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1.  Improving Door-to-balloon Time by Decreasing Door-to-ECG time for Walk-in STEMI Patients 
The American Heart Association/American College of Cardiology guidelines recommend rapid door-to-electrocardiography (ECG) times for patients with ST-segment elevation myocardial infarction (STEMI). Previous quality improvement research at our institution revealed that we were not meeting this benchmark for walk-in STEMI patients. The objective is to investigate whether simple, directed changes in the emergency department (ED) triage process for potential cardiac patients could decrease door-to-ECG times and secondarily door-to-balloon times.
We conducted an interventional study at a large, urban, public teaching hospital from April 2010 to June 2012. All patients who walked into the ED with a confirmed STEMI were enrolled in the study. The primary intervention involved creating a chief complaint-based “cardiac triage” designation that streamlined the evaluation of potential cardiac patients. A secondary intervention involved moving our ECG technician and ECG station to our initial triage area. The primary outcome measure was door-to-ECG time and the secondary outcome measure was door-to-balloon time.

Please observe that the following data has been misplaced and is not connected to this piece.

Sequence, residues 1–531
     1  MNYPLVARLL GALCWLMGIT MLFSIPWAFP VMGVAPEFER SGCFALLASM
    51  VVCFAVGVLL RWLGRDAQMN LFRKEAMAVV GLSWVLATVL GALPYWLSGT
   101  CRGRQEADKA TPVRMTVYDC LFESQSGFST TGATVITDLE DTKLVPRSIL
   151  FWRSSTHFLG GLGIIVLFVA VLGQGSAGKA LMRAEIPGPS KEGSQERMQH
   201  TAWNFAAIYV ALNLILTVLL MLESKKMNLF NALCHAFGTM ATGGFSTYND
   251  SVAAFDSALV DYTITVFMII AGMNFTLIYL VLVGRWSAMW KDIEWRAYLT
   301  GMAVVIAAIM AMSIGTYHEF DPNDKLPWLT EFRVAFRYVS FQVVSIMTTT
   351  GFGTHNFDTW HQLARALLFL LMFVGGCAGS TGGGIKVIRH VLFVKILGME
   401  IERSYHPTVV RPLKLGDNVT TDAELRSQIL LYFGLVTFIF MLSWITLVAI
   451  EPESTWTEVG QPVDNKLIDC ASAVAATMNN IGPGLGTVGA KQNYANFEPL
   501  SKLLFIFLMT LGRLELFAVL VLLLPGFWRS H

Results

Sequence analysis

We enrolled 91 walk-in STEMI patients prior to the intervention period and 141 patients after the invention. We observed statistically significant reductions in door-to-ECG time (43±93 to 30±72 minutes, median 23 to 14 minutes p<0.01), ECG-to-activation time (87±134 to 52±82 minutes, median 43 to 31 minutes p<0.01), and door-to-balloon time (134±146 to 84±40 minutes, median 85 -75 minutes p=0.03).
By creating a chief complaint-based cardiac triage protocol and by streamlining ECG completion, walk-in STEMI patients are systematically processed through the ED. This is not only associated with a decrease in door-to-balloon time, but also a decrease in the variability of the time sensitive intervals of door-to-ECG and ECG-to-balloon time.
PMCID: PMC4307715
2.  Identification of Protein Network Alterations upon Retinal Ischemia-Reperfusion Injury by Quantitative Proteomics Using a Rattus norvegicus Model 
PLoS ONE  2014;9(12):e116453.